Japan begins hunt for 1,000 whales

Endangered species among whales ordered to be caught, environmentalists say.

    The decision to hunt humpback whales is expected to draw criticism from Australia [EPA]

    "The whaling fleet must be recalled now. If it is not, we will take direct, non-violent action to stop the hunt," she said.

    'Viciously cruel'

    The Esperanza is aiming to intercept the fleet in Japanese waters in an attempt to stop the expedition.

    About 100 humpback and fin whales, which environmentalists say are both vulnerable species, are among the 1,000 whales that have been ordered to be hunted.

    The remainder will consist of minke whales.

    The Sea Shepherd Conservation Society said Japan was "viciously cruel" for hunting humpbacks, and has pledged to stop the mission.

    "Sea Shepherd will be hunting the whalers with the firm objective of intervention against their illegal activities," a Sea Shepherd statement said.

    The decision by Japan to hunt humpbacks is expected to draw criticism from Australia, which has already said that relations between the two countries could worsen if the hunt goes ahead.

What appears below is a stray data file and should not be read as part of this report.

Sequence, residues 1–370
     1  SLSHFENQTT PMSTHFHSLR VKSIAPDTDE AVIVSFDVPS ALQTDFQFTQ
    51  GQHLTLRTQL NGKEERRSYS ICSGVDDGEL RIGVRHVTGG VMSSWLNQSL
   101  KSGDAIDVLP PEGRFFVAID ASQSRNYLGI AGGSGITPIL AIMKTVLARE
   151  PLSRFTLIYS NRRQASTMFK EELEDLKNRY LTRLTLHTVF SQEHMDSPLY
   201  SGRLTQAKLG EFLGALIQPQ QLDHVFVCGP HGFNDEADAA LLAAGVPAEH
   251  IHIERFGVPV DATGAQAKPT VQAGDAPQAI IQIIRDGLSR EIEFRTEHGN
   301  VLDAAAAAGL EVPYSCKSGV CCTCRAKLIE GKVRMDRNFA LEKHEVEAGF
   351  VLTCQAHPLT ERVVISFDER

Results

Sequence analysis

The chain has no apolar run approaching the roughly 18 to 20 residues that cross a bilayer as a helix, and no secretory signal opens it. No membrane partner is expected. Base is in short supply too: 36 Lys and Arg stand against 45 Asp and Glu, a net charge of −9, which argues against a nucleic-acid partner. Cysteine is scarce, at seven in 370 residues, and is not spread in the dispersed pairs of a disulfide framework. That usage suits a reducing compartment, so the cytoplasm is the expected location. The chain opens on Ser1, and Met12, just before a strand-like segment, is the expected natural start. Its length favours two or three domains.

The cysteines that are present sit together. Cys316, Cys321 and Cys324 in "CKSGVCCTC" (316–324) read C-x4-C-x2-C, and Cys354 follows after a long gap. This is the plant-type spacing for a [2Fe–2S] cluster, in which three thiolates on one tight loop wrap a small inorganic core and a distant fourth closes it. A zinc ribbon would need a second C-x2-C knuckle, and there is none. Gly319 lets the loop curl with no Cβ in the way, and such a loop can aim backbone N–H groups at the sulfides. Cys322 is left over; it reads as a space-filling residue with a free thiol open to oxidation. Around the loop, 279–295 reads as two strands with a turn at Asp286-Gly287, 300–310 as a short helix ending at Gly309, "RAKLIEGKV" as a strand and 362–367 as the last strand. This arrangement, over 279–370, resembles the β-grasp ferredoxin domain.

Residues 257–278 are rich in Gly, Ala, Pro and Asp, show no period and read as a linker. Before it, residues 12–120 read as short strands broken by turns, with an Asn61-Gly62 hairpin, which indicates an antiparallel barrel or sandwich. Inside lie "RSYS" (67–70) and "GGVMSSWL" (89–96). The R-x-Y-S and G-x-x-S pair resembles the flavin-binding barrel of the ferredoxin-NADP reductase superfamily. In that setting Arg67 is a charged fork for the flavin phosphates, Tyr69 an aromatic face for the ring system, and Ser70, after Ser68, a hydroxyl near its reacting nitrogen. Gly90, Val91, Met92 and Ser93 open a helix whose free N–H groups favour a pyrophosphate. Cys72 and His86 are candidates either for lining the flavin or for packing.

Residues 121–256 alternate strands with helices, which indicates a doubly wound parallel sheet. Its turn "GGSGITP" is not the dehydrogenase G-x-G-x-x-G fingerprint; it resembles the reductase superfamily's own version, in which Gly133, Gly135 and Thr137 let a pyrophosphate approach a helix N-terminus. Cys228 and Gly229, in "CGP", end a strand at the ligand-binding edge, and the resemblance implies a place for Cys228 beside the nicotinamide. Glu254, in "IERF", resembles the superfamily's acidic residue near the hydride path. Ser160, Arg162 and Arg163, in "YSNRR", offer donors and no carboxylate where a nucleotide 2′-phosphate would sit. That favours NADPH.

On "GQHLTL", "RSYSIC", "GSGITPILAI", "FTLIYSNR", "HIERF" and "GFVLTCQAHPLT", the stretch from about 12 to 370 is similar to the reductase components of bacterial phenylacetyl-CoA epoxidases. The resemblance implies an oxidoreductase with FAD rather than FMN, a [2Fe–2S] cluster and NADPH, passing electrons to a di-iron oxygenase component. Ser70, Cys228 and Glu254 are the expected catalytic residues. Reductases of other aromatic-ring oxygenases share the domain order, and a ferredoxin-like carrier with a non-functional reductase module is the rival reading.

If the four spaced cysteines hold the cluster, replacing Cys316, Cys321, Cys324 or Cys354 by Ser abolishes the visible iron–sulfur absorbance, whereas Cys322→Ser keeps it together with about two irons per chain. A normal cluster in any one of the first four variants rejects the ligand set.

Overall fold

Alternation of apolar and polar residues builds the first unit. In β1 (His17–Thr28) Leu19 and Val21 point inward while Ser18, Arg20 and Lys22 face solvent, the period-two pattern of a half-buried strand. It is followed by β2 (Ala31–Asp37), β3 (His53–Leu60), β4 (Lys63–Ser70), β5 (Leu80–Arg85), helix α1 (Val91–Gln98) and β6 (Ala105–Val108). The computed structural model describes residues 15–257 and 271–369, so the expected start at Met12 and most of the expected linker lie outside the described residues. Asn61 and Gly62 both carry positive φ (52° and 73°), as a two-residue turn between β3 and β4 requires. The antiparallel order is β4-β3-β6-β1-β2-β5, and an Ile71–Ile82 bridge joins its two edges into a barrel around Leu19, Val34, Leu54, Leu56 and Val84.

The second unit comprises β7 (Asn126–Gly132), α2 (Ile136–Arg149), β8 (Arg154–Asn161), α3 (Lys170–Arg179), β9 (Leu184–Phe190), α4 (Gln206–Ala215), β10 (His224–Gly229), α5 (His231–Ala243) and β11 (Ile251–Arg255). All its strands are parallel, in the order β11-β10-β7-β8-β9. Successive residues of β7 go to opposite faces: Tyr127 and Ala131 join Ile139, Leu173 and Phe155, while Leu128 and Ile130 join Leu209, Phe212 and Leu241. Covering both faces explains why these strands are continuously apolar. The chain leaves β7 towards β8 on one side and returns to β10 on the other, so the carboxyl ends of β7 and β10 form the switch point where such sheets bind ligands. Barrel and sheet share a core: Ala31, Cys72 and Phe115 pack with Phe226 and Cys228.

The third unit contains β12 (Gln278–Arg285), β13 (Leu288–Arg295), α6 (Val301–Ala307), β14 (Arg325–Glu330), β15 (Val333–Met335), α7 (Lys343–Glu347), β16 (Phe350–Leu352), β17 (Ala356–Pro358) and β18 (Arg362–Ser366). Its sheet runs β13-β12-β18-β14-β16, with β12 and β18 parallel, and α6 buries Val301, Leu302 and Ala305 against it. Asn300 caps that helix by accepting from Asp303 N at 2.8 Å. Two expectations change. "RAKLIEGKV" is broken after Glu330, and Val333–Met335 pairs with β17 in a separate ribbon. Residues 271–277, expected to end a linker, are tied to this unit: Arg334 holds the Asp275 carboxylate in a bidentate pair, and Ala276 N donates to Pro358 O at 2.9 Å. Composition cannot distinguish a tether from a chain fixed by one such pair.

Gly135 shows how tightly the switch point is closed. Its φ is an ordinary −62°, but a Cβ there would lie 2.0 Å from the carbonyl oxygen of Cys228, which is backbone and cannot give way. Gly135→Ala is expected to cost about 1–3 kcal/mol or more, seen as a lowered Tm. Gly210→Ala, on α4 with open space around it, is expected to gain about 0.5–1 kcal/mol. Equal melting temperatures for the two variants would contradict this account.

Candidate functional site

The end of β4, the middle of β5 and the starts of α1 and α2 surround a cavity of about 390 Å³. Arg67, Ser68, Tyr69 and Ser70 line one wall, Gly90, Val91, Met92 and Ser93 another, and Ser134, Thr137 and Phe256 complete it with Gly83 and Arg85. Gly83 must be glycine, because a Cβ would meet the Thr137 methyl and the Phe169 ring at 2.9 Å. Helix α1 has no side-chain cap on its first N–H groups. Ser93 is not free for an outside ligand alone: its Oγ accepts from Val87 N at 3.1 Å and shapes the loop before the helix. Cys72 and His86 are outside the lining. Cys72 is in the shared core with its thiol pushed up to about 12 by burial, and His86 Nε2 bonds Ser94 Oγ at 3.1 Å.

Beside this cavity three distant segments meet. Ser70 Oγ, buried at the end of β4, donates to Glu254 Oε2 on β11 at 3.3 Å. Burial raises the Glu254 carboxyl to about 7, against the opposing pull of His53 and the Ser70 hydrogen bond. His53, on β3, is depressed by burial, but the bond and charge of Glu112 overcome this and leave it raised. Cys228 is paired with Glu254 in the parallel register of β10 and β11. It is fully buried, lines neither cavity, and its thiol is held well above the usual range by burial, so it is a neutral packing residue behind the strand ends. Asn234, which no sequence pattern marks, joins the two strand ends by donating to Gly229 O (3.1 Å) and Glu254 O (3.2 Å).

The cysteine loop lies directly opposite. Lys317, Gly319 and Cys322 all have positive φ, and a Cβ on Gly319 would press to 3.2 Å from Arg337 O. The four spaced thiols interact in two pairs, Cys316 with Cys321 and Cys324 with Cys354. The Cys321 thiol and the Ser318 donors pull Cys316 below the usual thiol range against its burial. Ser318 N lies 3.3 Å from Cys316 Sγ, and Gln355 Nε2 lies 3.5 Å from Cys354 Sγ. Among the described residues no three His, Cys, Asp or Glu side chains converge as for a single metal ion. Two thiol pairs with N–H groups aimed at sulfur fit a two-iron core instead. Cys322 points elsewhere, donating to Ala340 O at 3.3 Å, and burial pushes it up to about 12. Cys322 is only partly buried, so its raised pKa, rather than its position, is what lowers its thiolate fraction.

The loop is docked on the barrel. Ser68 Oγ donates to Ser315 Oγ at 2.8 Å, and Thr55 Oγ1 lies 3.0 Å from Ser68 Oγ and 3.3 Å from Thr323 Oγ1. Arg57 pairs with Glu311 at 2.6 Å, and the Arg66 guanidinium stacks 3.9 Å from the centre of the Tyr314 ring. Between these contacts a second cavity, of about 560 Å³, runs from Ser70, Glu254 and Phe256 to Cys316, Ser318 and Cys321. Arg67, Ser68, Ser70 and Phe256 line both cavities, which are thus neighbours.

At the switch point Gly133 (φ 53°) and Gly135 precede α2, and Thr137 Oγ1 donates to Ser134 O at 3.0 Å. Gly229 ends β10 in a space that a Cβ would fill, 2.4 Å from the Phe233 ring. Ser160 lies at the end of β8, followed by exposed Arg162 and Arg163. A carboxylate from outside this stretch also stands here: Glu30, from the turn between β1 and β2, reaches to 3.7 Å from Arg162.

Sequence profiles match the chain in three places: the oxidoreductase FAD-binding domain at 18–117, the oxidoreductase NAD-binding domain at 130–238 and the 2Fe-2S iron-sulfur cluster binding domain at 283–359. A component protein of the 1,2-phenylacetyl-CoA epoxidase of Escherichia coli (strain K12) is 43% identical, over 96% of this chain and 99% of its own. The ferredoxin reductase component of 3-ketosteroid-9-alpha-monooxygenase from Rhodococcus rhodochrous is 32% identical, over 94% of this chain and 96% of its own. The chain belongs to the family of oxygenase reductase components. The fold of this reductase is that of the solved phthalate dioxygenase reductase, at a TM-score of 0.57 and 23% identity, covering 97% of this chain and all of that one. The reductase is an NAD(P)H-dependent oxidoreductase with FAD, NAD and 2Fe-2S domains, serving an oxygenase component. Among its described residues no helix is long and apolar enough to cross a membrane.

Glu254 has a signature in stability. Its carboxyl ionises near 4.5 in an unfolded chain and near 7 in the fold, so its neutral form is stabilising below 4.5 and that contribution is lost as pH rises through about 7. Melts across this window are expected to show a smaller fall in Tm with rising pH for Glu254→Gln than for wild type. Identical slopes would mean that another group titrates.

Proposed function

'Scientific research'

    About 1.5 million whale watchers observe the northern migration of humpbacks along Australia's coast to breed each year, pumping an estimated $225m into the Australian economy.

    "It's important that Japan understands that the inclusion of humpbacks will have an impact on perceptions of Japan in Australia," Malcolm Turnbull, Australia's environment minister, said earlier this year.

    Nisshin Maru is leading the Japanese whaling
    fleet after repairs from a fire [AFP]

    Japan says its whaling programme is carried out for scientific research and aids the understanding of whale stocks and species.

    Fisheries officials have in the past protested against the activities of environmental organisations.

    Japan, which kills more than 1,000 whales a year in the Antarctic and the Pacific Ocean, abandoned its last Antarctic whale-hunting season in March after fire broke out on the Nisshin Maru, killing one crew member.

    Japan observed an international moratorium and halted commercial whaling in 1986, but then resumed the following year.

    Norway and Iceland defy the moratorium outright.

    Whale meat is sold for consumption under rules set by the International Whaling Commission, although demand among Japanese consumers has been falling.

    SOURCE: Agencies


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